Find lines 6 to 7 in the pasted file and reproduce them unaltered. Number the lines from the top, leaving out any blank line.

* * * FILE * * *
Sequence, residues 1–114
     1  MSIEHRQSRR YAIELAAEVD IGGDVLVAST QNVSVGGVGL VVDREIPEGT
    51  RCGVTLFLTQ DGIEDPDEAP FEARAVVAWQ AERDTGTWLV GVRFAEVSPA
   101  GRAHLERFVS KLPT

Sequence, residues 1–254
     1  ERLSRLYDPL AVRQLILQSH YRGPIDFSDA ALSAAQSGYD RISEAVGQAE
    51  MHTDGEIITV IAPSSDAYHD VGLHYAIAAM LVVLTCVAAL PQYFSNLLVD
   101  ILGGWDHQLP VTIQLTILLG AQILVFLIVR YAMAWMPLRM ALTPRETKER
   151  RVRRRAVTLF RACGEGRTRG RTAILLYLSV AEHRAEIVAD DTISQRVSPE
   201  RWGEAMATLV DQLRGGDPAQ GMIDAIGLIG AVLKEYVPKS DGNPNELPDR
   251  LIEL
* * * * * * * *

     1  ERLSRLYDPL AVRQLILQSH YRGPIDFSDA ALSAAQSGYD RISEAVGQAE
    51  MHTDGEIITV IAPSSDAYHD VGLHYAIAAM LVVLTCVAAL PQYFSNLLVD